10 tips for successful knowledge flow management

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I’ve been reading Mastering Organizational Knowledge Flow: How to Make Knowledge Sharing Work by Frank Leistner, Chief Knowledge Officer for SAS Global Professional Services. It was written for Cheif Knowledge Officers and knowledge managers, but I also found some interesting truths for any area of an organization that is trying to motivate knowledge sharing.

Organizations begin a knowledge management flow initiative for various reasons, including:

  • Stemming knowledge loss that results from attrition and retirement.
  • Sharing knowledge across business units.
  • Sparking innovation through shared experience.
  • Deploying expert resources organizationwide.

According to Leistner, knowledge management (KM), the premise underlying knowledge flow management, is about 70 percent people, 20 percent process and 10 percent technology. In his experience, technology is often the easy part. He writes that organizations that think they’ve failed in their KM initiatives have most likely dropped the ball in the people or process area instead. So, he says to take a holistic approach but keep in mind that “the hard stuff (the people issues)” is the most important part.

“It is the knowledge in people’s heads that needs to be shared. So it is essential that you make participation in the initiative as attractive as possible and remove any potential barriers,” writes Leistner.

Here are 10 tips for removing barriers to participation and ensuring a successful initiative:

  1. Concentrate on people. Don’t get carried away with the technology and forget that the knowledge is stored in the human element of the equation.
  2. Market for success. Your organization’s experts may need to be persuaded, guided and motivated to share their most valuable knowledge. It will be up to you and your team to understand their drivers and barriers.
  3. Start iteratively. Include a small number of participants in the early stages so that most major issues are resolved by the time the initiative is well underway. These early adopters will be your most vocal evangelizers.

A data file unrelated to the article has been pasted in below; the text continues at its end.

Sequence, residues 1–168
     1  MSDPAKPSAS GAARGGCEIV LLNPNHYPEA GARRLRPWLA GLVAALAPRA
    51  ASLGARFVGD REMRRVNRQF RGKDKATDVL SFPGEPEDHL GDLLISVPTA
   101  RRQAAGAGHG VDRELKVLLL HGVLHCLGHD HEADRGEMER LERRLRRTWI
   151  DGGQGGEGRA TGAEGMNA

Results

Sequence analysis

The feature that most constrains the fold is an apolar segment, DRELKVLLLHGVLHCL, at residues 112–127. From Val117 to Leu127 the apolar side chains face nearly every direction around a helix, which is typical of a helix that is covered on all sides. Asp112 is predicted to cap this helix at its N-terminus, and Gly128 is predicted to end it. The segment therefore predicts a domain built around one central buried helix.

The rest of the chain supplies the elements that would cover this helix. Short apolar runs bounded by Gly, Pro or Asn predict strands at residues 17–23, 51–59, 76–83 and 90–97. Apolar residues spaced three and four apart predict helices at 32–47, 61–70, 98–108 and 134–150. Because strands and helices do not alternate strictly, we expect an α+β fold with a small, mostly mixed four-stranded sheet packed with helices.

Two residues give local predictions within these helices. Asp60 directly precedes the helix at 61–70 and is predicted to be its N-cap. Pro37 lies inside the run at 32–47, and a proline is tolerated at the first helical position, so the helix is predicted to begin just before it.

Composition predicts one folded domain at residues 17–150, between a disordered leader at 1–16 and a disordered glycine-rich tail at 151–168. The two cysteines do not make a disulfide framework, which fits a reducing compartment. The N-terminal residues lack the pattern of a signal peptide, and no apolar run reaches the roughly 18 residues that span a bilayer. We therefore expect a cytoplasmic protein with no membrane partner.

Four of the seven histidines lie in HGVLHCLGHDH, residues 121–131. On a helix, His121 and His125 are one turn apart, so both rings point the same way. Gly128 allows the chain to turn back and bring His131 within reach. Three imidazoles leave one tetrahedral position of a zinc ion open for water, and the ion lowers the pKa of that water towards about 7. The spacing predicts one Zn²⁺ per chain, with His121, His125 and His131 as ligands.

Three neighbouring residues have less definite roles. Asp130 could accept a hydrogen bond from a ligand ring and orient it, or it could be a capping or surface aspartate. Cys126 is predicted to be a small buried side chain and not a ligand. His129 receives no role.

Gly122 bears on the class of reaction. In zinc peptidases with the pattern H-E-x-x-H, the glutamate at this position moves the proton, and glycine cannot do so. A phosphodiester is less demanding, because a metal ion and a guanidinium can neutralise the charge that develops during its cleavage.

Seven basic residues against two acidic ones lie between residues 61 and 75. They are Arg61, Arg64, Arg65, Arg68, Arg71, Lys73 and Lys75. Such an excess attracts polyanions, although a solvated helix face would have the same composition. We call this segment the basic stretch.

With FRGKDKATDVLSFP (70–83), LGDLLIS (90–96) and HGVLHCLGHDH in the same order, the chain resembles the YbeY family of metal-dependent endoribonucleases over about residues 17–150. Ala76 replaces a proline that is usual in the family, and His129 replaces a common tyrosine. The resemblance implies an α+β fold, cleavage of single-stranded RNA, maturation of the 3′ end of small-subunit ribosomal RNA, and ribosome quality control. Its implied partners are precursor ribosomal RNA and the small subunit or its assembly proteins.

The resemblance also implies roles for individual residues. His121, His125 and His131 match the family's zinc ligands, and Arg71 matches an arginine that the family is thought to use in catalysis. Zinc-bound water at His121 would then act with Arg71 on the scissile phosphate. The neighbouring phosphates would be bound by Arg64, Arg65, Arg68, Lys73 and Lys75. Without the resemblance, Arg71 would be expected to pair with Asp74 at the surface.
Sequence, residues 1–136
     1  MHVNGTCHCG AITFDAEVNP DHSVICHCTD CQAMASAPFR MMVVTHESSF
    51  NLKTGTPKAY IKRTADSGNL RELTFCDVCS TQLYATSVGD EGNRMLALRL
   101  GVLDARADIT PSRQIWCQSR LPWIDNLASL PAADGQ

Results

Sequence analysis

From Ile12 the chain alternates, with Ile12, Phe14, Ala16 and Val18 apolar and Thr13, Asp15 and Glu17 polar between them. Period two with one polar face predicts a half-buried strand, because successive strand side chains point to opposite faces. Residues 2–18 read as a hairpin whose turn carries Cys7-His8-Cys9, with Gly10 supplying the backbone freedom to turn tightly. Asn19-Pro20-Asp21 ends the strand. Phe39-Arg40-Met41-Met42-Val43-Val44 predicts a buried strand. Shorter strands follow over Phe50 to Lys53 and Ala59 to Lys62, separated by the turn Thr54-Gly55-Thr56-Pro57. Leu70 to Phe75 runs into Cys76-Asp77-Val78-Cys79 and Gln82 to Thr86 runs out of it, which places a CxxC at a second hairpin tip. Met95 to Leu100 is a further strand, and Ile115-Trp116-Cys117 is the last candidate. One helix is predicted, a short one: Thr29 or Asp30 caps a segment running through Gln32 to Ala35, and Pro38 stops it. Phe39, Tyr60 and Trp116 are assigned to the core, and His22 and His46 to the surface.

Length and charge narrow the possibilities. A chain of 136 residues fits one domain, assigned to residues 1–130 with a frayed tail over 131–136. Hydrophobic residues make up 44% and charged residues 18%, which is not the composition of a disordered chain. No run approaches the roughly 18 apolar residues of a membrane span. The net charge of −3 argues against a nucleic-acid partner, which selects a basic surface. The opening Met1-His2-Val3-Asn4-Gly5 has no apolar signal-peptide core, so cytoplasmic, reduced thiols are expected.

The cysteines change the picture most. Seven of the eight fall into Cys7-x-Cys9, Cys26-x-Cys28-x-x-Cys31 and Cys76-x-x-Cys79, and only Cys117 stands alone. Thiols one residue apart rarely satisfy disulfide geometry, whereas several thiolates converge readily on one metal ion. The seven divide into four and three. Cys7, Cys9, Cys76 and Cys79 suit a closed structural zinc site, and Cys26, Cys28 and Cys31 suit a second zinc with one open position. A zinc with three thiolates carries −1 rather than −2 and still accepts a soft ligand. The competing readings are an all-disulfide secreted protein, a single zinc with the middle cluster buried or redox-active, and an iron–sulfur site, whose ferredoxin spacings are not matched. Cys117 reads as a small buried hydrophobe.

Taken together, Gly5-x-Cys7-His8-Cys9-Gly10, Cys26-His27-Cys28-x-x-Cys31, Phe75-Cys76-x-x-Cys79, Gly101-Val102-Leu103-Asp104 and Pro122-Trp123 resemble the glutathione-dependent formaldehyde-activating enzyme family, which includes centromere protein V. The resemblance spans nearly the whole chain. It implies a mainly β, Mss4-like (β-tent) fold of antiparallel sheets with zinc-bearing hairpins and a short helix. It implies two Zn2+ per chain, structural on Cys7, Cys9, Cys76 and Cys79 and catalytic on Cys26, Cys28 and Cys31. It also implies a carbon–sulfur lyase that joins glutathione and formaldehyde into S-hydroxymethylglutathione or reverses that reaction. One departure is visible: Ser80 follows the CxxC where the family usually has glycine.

4. Be patient. It might take years rather than months to get an initiative fully embedded in the organization so that it is part of normal business processes.
  5. Maintain a consistent strategy. Fluctuation in your support team is OK - and can often infuse fresh ideas - but try to keep the core team consistent for a long-term focus.
  6. Focus on a manageable number of initiatives. With fewer, more deliberate choices, you can devote full attention for an extended time to shift from initiative to a standard business process.
  7. Define ownership. Within a large initiative, ownership is usually shared so widely that an individual can’t really see his or her effect. This may reduce the feeling of ownership and responsibility – a key ingredient in maintaining the passion to sustain the initiative.
  8. Respond quickly. It is essential to modify systems and processes quickly if there is a conflict. For example, in the early stages, participants may fear reducing their value to the organization if they share knowledge. A quick response creates a positive attitude and helps the participants feel that the initiative adapts to their needs.
  9. Don’t assume. One of the dangers is complacency. As you move from the small group to larger numbers, the tenets you learned may change. Remain flexible and responsive.
  10. Report early and often. Successes are the building blocks you’ll use to ensure continued executive buy-in and user participation.

Leistner consistently coaches his readers to remain flexible. His SAS examples help him show that the initiative can hold true to the strategy while still adapting to long-term environment changes and short-term situations. Finally, he writes that a technical understanding is important to a knowledge flow management initiative, but “it is the deep understanding of human behavior and how it relates to knowledge that will make the flow work in the end.”

You can pre-order Mastering Organizational Knowledge Flow: How to Make Knowledge Sharing Work by Frank Leistner from Wiley Publishing. The book is scheduled for release in late March 2010.

For one-on-one contact with Frank Leistner, follow him on Twitter. His tweets (140-character status updates) are a great dive into knowledge management. Your first question should be, “Why is your Twitter handle @kmjuggler?”

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About Author

Waynette Tubbs

Editor, Marketing Editorial

+Waynette Tubbs is the Editor of the Risk Management Knowledge Exchange at SAS, Managing Editor of sascom Magazine and Editor of the SAS Tech Report. Tubbs has developed a comprehensive portfolio of strategic business and marketing communications during her career spanning 15 years of magazine, marketing and agency work.

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